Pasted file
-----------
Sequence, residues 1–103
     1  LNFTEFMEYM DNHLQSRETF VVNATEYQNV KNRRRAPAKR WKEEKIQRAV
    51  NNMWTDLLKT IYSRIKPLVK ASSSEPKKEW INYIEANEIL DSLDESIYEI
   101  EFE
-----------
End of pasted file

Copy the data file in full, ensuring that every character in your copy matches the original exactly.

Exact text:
Sequence, residues 1–103
     1  LNFTEFMEYM DNHLQSRETF VVNATEYQNV KNRRRAPAKR WKEEKIQRAV
    51  NNMWTDLLKT IYSRIKPLVK ASSSEPKKEW INYIEANEIL DSLDESIYEI
   101  EFE